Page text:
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Electroencephalographic Abnormalities and Epilepsy in Patients with Autism Spectrum Disorders

Friday, 3 May 2013: 14:00-18:00
Banquet Hall (Kursaal Centre)
E. Barredo1, M. C. Miranda2, M. Vazquez2, C. Tomatis2, P. Castro2 and M. Parellada3, (1)Hospital Gregorio Marañón de Madrid, Madrid, Spain, (2)Hospital General Universitario Gregorio Marañon, Madrid, Spain, (3)Child and Adolescent Psychiatry Department, CIBERSAM, Insituto de Investigación Sanitaria Gregorio Marañón, IiSGM, Hospital General Universitario Gregorio Marañón, Madrid, Spain
Background:  The prevalence of epilepsy and epileptiform electroencephalographic abnormalities is higher in individuals with ASD  than in the general population, but the current understanding of the association between them is still unclear.

Objectives:  The aims of this study were to describe the prevalence of epilepsy and epileptiform EEG abnormalities in our group of ASD patients, to identify possible risk factors associated to the development of epilepsy in these patients, and to describe their management.

Methods:  Two hundred patients diagnosed with ASD according to Diagnostic and Statistical manual of Mental Disorders of the American Psychiatric Association 4th edition (DSM IV) criteria in Hospital General Universitario Gregorio Marañon, from April 2010 to February 2011 were enrolled in this study. A retrospective chart review was done. Epidemiologic data was collected as well as data on past medical history, family medical history, neurodevelopment, neurological examination, presence or absence of seizures or epilepsy and the treatment given in each case, neuropsychologic evaluation, and EEG reports including  sleep and wakefulness periods.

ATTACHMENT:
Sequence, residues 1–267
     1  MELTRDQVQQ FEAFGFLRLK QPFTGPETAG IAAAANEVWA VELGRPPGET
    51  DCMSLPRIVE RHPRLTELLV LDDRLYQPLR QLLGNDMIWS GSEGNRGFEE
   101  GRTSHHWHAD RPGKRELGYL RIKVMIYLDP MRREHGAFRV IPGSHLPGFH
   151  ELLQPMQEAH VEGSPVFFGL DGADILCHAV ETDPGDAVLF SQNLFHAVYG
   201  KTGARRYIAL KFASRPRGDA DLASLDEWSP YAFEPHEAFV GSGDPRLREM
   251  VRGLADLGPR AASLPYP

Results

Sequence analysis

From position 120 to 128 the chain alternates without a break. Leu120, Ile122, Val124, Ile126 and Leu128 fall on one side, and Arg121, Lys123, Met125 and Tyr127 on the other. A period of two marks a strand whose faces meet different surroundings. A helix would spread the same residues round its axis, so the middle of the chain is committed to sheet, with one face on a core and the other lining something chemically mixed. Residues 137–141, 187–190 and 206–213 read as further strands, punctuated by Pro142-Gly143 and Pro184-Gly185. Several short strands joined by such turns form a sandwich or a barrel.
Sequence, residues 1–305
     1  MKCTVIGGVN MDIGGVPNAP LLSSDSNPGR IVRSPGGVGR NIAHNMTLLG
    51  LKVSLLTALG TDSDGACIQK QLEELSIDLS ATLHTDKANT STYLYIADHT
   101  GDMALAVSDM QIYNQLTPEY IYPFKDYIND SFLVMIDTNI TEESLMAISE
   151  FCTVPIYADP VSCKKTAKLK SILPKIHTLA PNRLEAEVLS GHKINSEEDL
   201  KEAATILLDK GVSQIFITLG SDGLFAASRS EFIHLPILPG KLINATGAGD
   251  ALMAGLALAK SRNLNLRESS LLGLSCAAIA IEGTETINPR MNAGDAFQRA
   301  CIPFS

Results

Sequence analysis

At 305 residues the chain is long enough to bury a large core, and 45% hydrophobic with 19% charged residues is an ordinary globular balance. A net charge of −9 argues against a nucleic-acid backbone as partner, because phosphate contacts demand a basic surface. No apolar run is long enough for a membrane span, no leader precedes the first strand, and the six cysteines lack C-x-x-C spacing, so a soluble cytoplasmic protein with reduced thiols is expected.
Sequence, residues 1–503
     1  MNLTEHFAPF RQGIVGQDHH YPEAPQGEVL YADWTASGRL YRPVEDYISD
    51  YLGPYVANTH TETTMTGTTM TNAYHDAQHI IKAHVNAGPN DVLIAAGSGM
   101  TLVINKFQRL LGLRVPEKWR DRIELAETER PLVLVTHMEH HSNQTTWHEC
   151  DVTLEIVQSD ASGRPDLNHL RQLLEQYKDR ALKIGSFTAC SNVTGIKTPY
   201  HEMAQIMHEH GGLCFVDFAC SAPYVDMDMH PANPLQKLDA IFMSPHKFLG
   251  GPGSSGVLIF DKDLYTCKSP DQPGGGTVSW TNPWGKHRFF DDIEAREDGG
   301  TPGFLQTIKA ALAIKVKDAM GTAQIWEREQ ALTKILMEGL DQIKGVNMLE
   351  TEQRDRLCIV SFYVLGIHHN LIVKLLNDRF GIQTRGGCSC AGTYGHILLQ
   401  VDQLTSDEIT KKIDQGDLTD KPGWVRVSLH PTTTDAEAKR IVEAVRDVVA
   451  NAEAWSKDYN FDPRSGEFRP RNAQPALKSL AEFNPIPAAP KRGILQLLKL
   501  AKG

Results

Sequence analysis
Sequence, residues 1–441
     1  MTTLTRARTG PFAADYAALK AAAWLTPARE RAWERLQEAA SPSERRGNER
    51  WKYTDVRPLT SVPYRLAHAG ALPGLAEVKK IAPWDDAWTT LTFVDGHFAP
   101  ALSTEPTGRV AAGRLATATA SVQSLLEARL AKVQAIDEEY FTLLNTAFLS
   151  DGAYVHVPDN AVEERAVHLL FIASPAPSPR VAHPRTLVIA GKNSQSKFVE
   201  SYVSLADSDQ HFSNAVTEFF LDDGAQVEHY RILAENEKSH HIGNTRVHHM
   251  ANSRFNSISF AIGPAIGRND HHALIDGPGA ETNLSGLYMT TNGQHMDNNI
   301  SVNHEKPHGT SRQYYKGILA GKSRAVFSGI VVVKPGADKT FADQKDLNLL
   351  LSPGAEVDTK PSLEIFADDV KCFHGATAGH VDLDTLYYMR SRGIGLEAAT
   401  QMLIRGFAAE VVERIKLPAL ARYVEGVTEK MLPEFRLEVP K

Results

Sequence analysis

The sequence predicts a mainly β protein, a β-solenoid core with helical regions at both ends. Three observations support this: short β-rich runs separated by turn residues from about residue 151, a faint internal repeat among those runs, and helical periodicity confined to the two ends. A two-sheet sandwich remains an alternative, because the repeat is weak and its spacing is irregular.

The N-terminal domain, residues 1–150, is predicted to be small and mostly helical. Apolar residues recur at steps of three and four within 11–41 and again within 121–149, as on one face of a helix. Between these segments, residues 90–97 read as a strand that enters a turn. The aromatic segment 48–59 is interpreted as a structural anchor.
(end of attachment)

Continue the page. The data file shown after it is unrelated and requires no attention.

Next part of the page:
Results:  The mean age of the group subjects was 7 years (range 17 month–16  years),  82% of the sample were male. Epilepsy was found in 14,5% of the subjects. The mean age at epilepsy onset was 48 months. Wakefulness EEG trace records were obtained in 181 patients (90%), abnormalities  were found in 37 of them (18.5 %), most of them epileptiform discharges.

89% of the sample  had idiopathic ASD and 11% had secondary ASD.  Among the patients with idiopathic ASD 11,3% showed epilepsy. This percentage increased in patients with syndromic autism (40,9%).

52% of the sample showed different degrees of mental retardation (MR).

Epilepsy was more frequent in patients with mental retardation (15%) than in patients without mental retardation (12.5%), though this difference was not statistically significant (p=0.106). EEG abnormalities were found in 21.6% of patients with MR and in 17.7% without MR. There was no significant association  between EEG abnormalities and mental functioning (p=0,565)

A history of language regression was reported in 31% of the patients, at a mean age of 18 months. Epilepsy was similar in patients with autistic regression (14%)  as in non-regression patients (14.5%) (p=1,000).

16% of patients in the sample received treatment with antiepileptic drugs (AEDs). Of those who received treatment for the associated epilepsy, 66% did so as monotherapy and 33% in combination. The most commonly used AED was valproic acid alone.

Conclusions: The prevalence of epilepsy and EEG abnormalities observed in our sample   

is at the lower limit of ranges reported in the literature, probably due to the characteristics of our sample, which had high percentage of idiopathic ASD. The prevalence is higher in patients with MR, syndromic autism and in females, the latter two reaching a statistically significant association. We conclude from our study that  epilepsy is a comorbid factor of ASD and is not related to its pathogenesis.

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